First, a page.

3. This kind of ties into the above question, but I'm concerned about whether or not the settings I've used from you are accurate for my set. I booted up Killzone 3 and it asked me to adjust the in-game brightness slider until a specific logo was barely visible in the middle of the screen, but this logo would only appear (and I mean only JUST appear) on the very, very highest brightness settings. Anything below, in the mid-range, and in the low-range, was very black (and yes, I made sure my HDMI Black Levels were on Normal, however I did have an option called Full RBG in the PS3's menu turned ON). So my concern is this: If I need to adjust an in-game brightness slider to the maximum level in order to get the best and most accurate image that the developer intended for its game, am I really using the most optimum TV settings? On my previous TV, I'd only have to set the slider to the middle in order to barely see the logo, as required.

4. This ties into 3 slightly--what should I do with HDMI Black levels with the 360/PS3? Should I go with Expanded Ref Level/Normal HDMI Black Level on the 360? Or how about Standard Ref. Level/Low HDMI Black Level? Likewise for the PS3, should I be using Full RBG/Normal HDMI Black Level, or Limited RBG/Low HDMI Black Level?

As always, I very much appreciate and look forward to your help!



1) 8 bit RGB displays show 255 different values. So that's where the 0-255 comes from. 0 is pure black and 255 is pure white. This is what computers render at.

Videos, whether broadcast over cable or on a disc like blu ray compress that 0-255 range down to 16-235. They remap it so that 16 becomes pure black and 235 becomes pure white (instead of 0 and 255). If the TV isn't set to look for that "limited" range, it will keep looking for blacks and whites to spread across the entire 0-255 range. This is mismatched and the picture will quality will show it.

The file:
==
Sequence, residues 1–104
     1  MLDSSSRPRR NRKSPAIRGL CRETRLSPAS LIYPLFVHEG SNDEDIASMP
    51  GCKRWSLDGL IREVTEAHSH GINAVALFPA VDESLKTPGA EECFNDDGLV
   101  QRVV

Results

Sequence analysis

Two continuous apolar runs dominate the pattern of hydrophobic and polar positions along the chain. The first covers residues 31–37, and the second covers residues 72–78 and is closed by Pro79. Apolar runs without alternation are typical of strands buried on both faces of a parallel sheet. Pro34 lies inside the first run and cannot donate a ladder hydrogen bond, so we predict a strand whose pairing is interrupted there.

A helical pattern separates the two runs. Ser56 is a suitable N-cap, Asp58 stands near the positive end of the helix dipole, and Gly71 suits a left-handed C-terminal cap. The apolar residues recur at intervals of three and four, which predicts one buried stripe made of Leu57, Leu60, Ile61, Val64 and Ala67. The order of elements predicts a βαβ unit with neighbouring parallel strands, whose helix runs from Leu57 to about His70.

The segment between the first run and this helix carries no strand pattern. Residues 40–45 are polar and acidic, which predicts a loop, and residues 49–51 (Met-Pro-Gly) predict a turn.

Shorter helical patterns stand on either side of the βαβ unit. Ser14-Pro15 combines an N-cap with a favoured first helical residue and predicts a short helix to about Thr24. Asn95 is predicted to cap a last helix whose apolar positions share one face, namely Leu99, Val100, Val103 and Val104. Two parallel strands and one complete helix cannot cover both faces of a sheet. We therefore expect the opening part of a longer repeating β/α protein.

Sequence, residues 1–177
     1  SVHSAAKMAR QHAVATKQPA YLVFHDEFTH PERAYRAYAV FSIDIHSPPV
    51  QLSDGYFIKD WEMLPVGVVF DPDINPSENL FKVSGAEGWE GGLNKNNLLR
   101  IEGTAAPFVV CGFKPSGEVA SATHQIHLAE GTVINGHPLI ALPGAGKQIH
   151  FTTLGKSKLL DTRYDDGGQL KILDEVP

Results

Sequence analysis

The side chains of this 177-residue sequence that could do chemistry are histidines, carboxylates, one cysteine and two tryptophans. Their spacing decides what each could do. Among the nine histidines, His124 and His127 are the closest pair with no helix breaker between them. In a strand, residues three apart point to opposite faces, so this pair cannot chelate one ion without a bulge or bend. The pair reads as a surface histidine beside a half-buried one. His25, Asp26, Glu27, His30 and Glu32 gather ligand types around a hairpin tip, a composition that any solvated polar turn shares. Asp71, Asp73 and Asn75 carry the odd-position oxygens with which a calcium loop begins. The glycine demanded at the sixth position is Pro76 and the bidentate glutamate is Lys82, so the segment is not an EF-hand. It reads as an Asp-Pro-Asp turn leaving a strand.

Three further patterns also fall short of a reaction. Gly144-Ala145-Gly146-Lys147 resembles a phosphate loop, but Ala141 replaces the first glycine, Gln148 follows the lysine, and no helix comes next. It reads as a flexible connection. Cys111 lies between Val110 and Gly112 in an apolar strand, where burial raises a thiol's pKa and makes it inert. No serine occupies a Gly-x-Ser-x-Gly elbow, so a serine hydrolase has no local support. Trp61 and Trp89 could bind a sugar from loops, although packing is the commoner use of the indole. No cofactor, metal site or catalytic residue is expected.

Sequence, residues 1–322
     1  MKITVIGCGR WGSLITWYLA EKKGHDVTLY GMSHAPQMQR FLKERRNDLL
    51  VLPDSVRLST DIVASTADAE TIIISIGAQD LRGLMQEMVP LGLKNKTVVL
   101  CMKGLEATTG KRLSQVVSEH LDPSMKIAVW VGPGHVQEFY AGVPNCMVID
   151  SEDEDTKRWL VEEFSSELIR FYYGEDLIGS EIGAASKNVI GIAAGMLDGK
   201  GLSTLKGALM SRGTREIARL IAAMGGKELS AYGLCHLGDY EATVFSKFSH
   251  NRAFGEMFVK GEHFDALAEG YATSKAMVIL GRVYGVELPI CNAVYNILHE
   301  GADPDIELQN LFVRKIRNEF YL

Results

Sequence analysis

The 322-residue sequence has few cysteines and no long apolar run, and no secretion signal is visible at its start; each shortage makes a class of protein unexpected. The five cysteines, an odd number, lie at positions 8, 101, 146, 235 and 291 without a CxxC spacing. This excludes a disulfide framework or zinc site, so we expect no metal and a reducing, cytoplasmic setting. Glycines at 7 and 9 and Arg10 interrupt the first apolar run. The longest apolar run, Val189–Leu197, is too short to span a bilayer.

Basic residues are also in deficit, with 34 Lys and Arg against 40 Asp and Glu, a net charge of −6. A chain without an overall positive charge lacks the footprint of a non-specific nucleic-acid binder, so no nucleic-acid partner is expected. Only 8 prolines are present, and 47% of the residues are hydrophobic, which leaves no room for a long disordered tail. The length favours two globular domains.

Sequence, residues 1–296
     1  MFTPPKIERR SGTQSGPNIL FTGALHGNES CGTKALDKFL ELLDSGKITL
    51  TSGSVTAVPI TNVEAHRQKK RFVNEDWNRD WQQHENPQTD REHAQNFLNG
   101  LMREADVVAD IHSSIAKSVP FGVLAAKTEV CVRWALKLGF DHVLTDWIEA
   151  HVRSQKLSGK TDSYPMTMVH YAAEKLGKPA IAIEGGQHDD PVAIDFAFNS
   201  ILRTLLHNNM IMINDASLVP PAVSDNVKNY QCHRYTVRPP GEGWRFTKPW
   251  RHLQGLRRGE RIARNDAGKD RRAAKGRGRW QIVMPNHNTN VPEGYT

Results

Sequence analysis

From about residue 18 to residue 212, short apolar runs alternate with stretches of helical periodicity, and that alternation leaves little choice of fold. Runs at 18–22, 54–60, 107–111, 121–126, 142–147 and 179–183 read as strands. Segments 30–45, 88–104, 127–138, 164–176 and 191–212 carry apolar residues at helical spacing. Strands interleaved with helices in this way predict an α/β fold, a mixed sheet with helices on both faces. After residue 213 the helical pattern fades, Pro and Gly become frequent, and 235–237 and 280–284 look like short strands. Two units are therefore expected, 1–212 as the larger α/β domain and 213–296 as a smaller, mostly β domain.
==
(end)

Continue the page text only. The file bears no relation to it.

________________________________________________________________________________________________________

Here is another way to think about it:

It's like trying to fit something into a box that's either too small, too big, or just right.

If the "box" (aka the TV) is too small (0-255 source signal going into a 16-235 TV) the corners get clipped off. The TV has set pure black to be at 16 even though the source is still outputting different shades all the way down to 0. The TV doesn't care though, and turns the 0-16 shades all into black. Same thing for the shades above 235 - the TV turns them all white even if there is information up there from the source. This is when you get crushed blacks and clipped whites.




If the "box" is too big (16-235 source signal into a 0-255 TV) there's a lot of wasted space that doesn't get used. This is when the blacks become dark grey and the picture washes out. The source wants the pure black to be up at 16, but the TV wants it down at 0, and the TV wins. Just like the Honey Badger, the TV doesn't care. So 16 ends up displaying as dark grey on the TV, even though the source thinks 16 is actually pure black. Result = washed out picture.



If the box is just right and a perfect fit (a 16-235 source signal going into a 16-235 TV... OR, a 0-255 source going into a 0-255 TV) it then fills up all the space perfectly without clipping any corners or having extra wasted space not being used. The picture uses up all the available space without going over and clipping off the corners (blacks and whites) or going under and becoming washed out.